1. Act fast to prevent further losses
Contact your bank or card provider immediately to report the scam. Ask them to stop any transactions.
If you're not sure if you're being scammed, stop sending money. Scammers will keep asking for more money until you stop.
2. Get help to recover
IDCARE is Australia and New Zealand’s national identity and cyber support service. They can help you make a plan (for free) to limit the damage.
Call them on 1800 595 160 or visit their website to find out more.
If you're not happy with how your bank has responded to your situation, you can complain to the Australian Financial Complaints Authority.
3. Warn others and report the scam
Once you have secured your details, you can help us try to stop the scam or to warn others by reporting the scam to us. You can also warn people around you.
You can also make an official report to the police online.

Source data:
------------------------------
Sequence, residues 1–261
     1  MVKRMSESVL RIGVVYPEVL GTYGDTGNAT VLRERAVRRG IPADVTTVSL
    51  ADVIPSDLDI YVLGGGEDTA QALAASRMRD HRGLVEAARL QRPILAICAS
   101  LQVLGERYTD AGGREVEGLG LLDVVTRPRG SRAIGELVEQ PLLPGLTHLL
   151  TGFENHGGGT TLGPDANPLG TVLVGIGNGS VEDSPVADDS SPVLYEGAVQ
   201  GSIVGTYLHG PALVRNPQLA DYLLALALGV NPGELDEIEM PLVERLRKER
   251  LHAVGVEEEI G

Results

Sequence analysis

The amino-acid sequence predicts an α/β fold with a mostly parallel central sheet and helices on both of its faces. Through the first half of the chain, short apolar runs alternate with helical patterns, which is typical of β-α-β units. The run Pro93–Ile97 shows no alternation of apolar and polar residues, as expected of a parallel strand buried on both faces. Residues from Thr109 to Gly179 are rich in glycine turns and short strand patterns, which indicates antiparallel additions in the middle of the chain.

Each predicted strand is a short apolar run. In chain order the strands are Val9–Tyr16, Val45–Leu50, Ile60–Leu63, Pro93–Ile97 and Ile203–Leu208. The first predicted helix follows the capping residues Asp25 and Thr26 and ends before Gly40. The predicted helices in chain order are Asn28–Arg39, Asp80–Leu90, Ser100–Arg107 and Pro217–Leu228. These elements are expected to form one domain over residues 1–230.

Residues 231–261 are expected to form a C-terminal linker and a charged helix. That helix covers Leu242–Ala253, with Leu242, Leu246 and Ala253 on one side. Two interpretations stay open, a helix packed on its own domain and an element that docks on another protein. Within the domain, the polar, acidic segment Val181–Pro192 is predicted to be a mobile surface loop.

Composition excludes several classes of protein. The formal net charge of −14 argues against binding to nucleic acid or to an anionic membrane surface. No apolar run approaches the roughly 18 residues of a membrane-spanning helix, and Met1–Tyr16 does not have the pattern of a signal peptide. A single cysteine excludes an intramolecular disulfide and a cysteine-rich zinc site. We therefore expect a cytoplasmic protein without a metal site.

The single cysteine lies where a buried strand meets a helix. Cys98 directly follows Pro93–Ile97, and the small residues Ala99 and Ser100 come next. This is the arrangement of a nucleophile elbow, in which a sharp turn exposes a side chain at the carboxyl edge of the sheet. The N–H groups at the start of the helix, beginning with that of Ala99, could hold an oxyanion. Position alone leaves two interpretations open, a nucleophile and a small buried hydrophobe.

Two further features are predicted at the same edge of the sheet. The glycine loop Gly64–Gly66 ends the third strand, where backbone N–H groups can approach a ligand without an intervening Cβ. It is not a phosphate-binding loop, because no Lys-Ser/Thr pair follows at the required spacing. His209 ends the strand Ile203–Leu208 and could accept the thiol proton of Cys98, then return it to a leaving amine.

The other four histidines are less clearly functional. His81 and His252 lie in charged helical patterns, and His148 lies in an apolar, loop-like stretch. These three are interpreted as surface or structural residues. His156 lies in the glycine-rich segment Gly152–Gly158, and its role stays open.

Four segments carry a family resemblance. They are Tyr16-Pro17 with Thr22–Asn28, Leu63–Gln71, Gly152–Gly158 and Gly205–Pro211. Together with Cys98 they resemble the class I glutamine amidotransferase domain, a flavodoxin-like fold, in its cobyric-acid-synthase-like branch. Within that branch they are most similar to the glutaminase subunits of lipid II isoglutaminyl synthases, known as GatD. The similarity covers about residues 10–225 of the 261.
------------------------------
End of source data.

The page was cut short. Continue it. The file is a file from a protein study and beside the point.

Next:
4. Watch out for follow up scams
If scammers have been successful, they will try to get more money. Unfortunately, one in three victims of a scam have been scammed more than once.
If you’ve lost money to a scam, be especially wary of new scams – including if someone offers to help you get your money back
5. Get support in the aftermath
Being scammed is a horrible experience, and it can happen to anyone.
If a scam is causing you problems with debt, talk to a financial counsellor. This is a free and confidential service to help you get your finances back on track.
If you need someone to talk to, reach out to family and friends or you can contact Lifeline or Beyond Blue to speak to someone online or over the phone.
1300 22 4636 or online chat (24 hours a day, 7 days a week).
13 11 14 or online crisis support chat (24 hours a day, 7 days a week).